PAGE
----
Usually, CPI data from China primarily affects CNH, since it mostly has implications on PBOC policy.
But we aren’t in a “usual” situation. Just like many are looking at China for clues as to how the coronavirus outbreak will progress, many are also tracking the Asian Giant’s economic recovery.
Inflation is one of the many factors to consider in the aftermath of the outbreak as the world economy gets back to producing. The massive stimulus going around is going to take a toll on world currencies.
Depending on how central banks “sterilize” their asset purchases, we could see a major problem with inflation. That, at least, is according to traditional economic models.
China is Unique, as Usual
Just as their response to the coronavirus outbreak was different (a virtual dictatorship has population control tools at its disposal that more democratic countries don’t have), so too has been their financial and stimulus policy.
For one, by largely containing the outbreak into one province, they didn’t have to engage in such massive stimulus measures.
China probably isn’t a direct analogy for other countries. But, it still can give us some insight into how the economy will react as lockdowns ease in the future.
Just keep in mind that of the major countries, China has proportionally provided the smallest amount of stimulus given the size of their economy.
What we are looking for
Expectations are for monthly CPI to have grown 0.4% in March. This would be a slight slowing of the 0.8% pace in February. A result like this is within the normal range for this figure, showing that analysts don’t expect it to be too impacted by the coronavirus outbreak.
Projections are for annualized CPI to increase to 5.4%, compared to 5.2% prior. This would be a resumption of the increasing pace in inflation since the Chinese government and PBOC started stimulus programs to offset the effects of the tariff war.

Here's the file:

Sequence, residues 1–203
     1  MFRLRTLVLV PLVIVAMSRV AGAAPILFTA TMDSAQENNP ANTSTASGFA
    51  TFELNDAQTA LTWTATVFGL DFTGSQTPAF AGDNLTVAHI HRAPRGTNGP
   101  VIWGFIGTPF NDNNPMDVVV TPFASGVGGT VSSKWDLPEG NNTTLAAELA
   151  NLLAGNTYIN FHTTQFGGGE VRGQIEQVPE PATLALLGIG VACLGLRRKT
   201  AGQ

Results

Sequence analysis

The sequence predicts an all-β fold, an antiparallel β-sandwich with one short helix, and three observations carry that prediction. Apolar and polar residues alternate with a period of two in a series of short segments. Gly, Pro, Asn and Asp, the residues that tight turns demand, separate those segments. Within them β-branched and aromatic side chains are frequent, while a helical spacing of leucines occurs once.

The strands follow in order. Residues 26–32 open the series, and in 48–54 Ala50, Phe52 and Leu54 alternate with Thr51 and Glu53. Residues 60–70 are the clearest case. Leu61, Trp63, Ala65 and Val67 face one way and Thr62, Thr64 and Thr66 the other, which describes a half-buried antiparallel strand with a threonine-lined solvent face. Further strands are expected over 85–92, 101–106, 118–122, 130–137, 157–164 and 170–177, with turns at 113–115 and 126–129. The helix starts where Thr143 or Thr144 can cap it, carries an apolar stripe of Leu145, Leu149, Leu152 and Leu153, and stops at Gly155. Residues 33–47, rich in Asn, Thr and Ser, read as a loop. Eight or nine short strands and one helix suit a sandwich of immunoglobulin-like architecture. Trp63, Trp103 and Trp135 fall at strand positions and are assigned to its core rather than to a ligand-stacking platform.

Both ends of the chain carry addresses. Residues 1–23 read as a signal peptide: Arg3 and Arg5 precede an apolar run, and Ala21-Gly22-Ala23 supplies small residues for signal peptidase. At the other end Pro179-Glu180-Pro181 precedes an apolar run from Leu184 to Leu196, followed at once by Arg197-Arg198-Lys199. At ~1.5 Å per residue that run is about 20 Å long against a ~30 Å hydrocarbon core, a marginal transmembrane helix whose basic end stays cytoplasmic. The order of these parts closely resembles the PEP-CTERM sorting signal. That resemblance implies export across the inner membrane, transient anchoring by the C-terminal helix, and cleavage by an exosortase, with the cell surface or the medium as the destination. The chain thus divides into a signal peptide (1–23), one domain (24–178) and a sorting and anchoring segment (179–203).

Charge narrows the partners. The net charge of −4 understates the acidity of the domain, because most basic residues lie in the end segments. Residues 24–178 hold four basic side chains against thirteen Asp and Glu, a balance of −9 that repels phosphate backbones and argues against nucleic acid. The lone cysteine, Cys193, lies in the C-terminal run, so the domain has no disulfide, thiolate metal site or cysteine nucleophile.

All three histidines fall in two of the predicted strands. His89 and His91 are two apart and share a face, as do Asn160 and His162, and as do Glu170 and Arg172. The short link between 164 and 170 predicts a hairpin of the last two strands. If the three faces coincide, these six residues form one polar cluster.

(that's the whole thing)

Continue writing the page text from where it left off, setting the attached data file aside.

The Coronavirus Hangover
Many people have reported surging prices as the services sector in China restarts. This is partially due to increased costs to source ingredients during the shutdowns.
As openings are staggered, competition is lower while demand is higher. This might lead to a momentary bump in inflation.
Whether it will be enough to offset the drop in the prices of raw materials is another question. There is a certain amount of delay in passing through cheaper commodity prices. Gasoline and petroleum derivatives are passed through to consumers faster than lower prices in coal and steel, for example.
China is a major importer of consumer goods from countries that are not shuttering their economies (and exports) in an attempt to slow the spread of COVID-19.
We’d expect supply constraints to further buoy prices. On the other hand, the Chinese are notorious for saving and might be reluctant to go out and splurge in the uncertain economic situation.
Next week’s trove of economic data will be quite interesting.